We are trying to stimulate a neural connection with the core.  The core includes major muscles within the belly and the mid and lower back.  The core provides support and stability in walking and related movements.  We want the core to “fire” or activate with the limbs.  We are working to make sure the core is firing simultaneously with extremity movement.

Getting the core to fire properly is an important part of human movement that we try to emphasize with any client.  The body operates better as a system then in individual parts, so Kerry’s legs are not going to be able to function properly unless the core is integrated in stabilizing and facilitating movements.

“Original Strength” Model

The “Original Strength” model emphasizes developmental movement patterns like rolling and crawling. The emphasis is on movements that stimulate the vestibular or balance system.

For more information on the “Original Strength” Model and application of the model, take note of the following:

http://rdellatraining.com/rt-podcast-episode-029-why-we-all-need-original-strength-with-tim-anderson

According to “Original Strength” model, there are five “neural resets” or movements that stimulate the vestibular system.  The resets include: breath, head nodding, hip rocking, rolling, and crawling.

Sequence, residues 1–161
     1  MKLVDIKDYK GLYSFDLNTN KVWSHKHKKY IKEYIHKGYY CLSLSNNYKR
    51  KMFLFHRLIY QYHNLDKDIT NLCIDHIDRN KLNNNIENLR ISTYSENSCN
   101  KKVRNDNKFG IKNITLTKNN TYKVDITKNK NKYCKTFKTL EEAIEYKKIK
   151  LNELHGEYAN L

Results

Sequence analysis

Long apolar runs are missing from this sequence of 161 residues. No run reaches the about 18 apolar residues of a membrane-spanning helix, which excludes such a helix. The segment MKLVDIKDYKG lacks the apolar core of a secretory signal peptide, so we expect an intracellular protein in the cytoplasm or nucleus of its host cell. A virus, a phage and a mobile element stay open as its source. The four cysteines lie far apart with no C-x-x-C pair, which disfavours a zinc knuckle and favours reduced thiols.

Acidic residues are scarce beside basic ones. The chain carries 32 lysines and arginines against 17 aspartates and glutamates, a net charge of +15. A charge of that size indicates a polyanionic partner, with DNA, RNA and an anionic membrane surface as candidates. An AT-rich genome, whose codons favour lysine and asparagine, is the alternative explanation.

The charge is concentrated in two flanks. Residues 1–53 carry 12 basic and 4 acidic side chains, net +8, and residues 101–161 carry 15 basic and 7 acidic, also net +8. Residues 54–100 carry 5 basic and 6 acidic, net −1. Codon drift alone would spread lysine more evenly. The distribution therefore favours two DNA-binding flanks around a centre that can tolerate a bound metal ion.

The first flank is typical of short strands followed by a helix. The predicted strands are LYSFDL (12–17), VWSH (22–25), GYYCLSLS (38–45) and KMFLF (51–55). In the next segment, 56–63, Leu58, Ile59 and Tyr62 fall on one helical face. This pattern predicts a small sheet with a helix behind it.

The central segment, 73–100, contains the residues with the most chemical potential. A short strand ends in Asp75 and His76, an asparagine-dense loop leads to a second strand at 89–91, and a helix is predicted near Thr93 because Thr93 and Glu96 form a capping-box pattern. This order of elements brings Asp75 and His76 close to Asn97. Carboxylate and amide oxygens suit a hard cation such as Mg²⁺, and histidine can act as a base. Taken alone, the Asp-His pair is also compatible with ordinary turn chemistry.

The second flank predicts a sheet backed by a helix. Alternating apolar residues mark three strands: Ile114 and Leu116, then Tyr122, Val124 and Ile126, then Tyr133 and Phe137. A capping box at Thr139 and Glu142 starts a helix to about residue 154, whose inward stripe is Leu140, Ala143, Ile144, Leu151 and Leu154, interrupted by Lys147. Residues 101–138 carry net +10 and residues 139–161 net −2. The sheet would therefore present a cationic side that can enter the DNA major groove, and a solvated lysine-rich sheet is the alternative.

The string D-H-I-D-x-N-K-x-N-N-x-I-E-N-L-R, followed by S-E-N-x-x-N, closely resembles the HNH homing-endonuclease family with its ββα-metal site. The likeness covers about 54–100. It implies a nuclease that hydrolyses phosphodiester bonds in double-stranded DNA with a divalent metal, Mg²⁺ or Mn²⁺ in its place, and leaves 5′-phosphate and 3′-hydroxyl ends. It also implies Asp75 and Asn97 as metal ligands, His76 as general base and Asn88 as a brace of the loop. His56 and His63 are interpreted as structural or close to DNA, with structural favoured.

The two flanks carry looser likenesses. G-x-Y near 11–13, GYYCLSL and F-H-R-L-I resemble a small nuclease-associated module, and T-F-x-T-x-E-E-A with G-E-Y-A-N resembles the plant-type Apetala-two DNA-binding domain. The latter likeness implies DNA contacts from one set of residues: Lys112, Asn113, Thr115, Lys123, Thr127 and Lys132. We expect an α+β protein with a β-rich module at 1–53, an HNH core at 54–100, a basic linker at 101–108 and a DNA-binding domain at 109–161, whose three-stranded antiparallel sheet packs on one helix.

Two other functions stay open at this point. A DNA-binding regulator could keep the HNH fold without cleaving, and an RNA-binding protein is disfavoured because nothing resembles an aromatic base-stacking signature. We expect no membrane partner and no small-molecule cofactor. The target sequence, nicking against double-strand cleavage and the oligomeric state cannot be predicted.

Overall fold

We have incorporated these “neural resets” into Kerry’s program, specifically hip rocking, rolling, and crawling. Using MFR, manual manipulation, and related techniques, we are trying to get Kerry’s body to know what it’s capable of doing.

Kerry’s program also includes work on contralateral movements (exercising muscles on opposite sides of the body from one another). People walk with contralateral movements – that is, use their opposite arm and opposite leg.

To achieve Kerry’s goal, certain prerequisite skills are required. We are trying to support Kerry to learn and connect to what is natural movement. – Korey McCoy   **Kerry’s Co-Author, Korey McCoy, holds a Bachelor’s degree in exercise science from Washington State University and a Master’s in Kinesiology from Indiana University.   ________________________________ [i] Price, J. (2008, January). Corrective exercise: coming full circle: from medical gymnastics to self myofascial release and beyond, corrective exercise continues to help humans with physical dysfunction. IDEA Fitness Journal, 5(1), 40+. Retrieved from http://go.galegroup.com/ps/i.do?id=GALE%

[ii] Price, J. (2008, January). Corrective exercise: coming full circle: from medical gymnastics to self myofascial release and beyond, corrective exercise continues to help humans with physical dysfunction. IDEA Fitness Journal, 5(1), 40+. Retrieved from http://go.galegroup.com/ps/i.do?id=GALE%

[iii] Saratchandran, R., & Desai, S. (2013). Myofascial release as an adjunct to conventional occupational therapy in mechanical low back pain. Indian Journal Of Occupational Therapy, 45(2), 3-7.

Author: Kerry



  • bobl07

    As always Kerry, you continue to stretch the limits of your own ability level. Continued success! Go for it!

  • Kerry Wiley

    Hello Bob, thank you for your well wishes. The “A New Chapter Begins” article is meant to touch on the importance of planning and forging a plan to ensure continuity and progressions.
    Kerry Wiley